Dr. V Show: Snap bracelet – Bi-stable structure

HONOLULU (HawaiiNewsNow)-Dr. V is back from Oceanit with another cool and simple science experiment where you use a tape measure, but make sure you get an adults permission before doing this "Weird Science."

Dr. V Show:  Snap bracelet – Bi-stable structure

Things you will need:

  • Old tape measure
  • Duct tape or electrical tape
  • Old scissors or snips

The Experiment:

Please do this and all other experiments with the supervision of an adult. Cut a length of tape measure about eight inches long. BE VERY CAREFUL– the cut edges will be sharp. Cover the tape edges immediately. Notice how rigid the tape is. What happens when you bend it one way or the other? Curve the tape around a small radius of about 1/3 of an inch so it starts to deform. You can do this by rolling it around a thin pencil, or rolling it with your hands until you start to feel it deforming (when you feel it pushing back, push harder). Try bending some tape with the inside of the curve on the outside. How does the tape behave now when you bend it?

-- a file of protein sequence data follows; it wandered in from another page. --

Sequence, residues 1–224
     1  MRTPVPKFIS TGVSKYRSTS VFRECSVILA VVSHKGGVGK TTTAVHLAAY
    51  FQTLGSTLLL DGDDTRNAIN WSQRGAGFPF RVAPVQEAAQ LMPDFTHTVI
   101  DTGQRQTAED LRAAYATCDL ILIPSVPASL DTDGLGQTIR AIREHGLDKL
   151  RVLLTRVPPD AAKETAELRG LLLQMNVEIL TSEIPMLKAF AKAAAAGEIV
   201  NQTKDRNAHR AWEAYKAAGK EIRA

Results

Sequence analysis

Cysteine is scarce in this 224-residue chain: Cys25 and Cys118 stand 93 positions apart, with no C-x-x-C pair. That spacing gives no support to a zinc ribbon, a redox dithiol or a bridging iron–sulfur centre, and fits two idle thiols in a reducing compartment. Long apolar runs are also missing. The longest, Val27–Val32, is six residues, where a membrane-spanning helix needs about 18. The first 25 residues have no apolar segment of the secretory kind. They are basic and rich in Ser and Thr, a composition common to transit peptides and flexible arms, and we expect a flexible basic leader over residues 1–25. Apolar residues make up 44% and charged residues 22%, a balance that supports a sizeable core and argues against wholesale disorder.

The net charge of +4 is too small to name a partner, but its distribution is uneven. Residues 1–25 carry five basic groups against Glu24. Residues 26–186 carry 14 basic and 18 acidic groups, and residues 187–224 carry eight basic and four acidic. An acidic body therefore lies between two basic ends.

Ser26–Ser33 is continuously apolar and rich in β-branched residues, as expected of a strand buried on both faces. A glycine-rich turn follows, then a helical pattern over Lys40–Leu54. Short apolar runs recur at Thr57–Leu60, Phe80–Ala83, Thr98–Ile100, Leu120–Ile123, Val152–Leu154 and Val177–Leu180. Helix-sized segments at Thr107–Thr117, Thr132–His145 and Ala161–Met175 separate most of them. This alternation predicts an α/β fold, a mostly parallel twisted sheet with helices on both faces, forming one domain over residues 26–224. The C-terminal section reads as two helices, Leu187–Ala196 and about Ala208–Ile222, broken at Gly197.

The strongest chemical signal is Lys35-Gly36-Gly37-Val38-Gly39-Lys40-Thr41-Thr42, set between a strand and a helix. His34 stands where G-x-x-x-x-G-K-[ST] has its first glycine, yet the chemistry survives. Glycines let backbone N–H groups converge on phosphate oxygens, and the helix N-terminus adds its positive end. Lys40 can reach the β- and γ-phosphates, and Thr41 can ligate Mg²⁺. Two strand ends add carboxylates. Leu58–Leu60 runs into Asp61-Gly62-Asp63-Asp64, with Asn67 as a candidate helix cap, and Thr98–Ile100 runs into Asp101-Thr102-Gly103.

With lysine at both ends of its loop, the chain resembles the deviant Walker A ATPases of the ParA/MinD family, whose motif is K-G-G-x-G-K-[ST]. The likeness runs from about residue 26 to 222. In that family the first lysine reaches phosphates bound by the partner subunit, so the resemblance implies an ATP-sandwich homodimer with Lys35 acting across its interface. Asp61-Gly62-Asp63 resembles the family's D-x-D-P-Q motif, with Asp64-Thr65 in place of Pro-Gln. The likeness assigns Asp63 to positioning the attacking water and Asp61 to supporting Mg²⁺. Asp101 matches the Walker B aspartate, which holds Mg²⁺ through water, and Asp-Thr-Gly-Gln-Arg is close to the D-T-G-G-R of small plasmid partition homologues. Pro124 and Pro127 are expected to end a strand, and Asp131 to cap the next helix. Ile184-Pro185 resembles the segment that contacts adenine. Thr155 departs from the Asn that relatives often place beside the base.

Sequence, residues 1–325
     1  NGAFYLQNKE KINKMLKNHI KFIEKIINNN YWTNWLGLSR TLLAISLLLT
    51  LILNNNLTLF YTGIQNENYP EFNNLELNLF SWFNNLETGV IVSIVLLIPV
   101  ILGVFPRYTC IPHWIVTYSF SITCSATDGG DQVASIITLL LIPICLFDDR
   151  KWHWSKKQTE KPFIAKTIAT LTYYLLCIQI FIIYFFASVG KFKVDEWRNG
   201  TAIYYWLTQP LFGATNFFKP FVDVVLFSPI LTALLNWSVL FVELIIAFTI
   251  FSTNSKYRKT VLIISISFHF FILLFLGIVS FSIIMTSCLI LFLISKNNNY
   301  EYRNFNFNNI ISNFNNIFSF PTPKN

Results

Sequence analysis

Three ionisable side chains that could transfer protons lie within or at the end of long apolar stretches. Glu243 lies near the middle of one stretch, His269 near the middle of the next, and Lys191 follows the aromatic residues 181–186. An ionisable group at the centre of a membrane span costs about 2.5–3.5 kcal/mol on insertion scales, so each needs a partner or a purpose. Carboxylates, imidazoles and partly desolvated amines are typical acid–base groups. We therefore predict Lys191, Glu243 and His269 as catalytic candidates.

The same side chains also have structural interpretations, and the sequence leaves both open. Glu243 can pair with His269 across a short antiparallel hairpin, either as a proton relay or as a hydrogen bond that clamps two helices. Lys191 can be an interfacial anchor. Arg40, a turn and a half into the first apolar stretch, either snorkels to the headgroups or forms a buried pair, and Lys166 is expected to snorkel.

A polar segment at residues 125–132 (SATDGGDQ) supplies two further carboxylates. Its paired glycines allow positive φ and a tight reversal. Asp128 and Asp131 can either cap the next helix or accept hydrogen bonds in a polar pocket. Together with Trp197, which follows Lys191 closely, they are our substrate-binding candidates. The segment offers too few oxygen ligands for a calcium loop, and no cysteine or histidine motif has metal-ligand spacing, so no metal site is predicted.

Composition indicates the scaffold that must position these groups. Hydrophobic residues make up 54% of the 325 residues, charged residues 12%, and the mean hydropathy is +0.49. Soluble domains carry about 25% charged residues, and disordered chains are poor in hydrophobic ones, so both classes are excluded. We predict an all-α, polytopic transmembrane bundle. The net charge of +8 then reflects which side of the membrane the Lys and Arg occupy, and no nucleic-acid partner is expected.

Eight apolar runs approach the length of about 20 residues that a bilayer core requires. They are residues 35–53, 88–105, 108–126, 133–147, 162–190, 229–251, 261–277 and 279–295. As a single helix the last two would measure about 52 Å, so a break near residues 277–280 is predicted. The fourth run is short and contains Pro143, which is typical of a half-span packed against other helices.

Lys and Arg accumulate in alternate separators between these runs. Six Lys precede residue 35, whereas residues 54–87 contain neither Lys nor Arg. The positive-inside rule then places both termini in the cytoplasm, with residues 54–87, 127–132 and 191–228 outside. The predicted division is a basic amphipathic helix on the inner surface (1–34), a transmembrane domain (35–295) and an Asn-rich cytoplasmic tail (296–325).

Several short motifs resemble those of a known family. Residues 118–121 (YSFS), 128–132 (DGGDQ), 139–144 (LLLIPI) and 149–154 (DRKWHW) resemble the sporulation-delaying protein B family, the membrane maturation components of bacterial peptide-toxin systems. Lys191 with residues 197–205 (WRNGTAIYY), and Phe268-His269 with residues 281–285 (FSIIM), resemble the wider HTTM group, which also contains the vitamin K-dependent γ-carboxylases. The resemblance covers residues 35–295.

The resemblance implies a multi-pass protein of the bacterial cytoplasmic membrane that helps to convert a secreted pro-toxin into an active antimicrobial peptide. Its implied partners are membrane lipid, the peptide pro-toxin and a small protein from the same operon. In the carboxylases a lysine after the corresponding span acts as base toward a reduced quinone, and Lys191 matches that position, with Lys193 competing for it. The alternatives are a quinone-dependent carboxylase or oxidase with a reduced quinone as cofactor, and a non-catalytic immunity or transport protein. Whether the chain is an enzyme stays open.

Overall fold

How does it work?

Before you rolled the tape, the tape was only stable in one way, straight. If you try to bend it, it bounces right back to being straight. This is the state it prefers to be in and requires the least amount of energy. Measuring tape is made with a curve across the tape, which makes it much stiffer so that you are able to measure longer distances without it crumpling up. This is done by deforming the tape at the factory so that the bottom is just a little longer than the top, making the tape curve. When you deform the tape, you are doing something similar by bending it in another direction into a coil. When you roll the tape into a tight coil, the outer side becomes slightly longer than the inner side. Now your tape has two stable states. It will stay coiled, or will stay straight, making this a bi-stable structure. In between these two states, the tape has to become flat, which is a very unstable structure, so it doesn't stay flat very long. This is why snap bracelets will snap onto your wrist. When you slap your wrist, you force the bracelet into the flat state from which it quickly moves into the coiled state.

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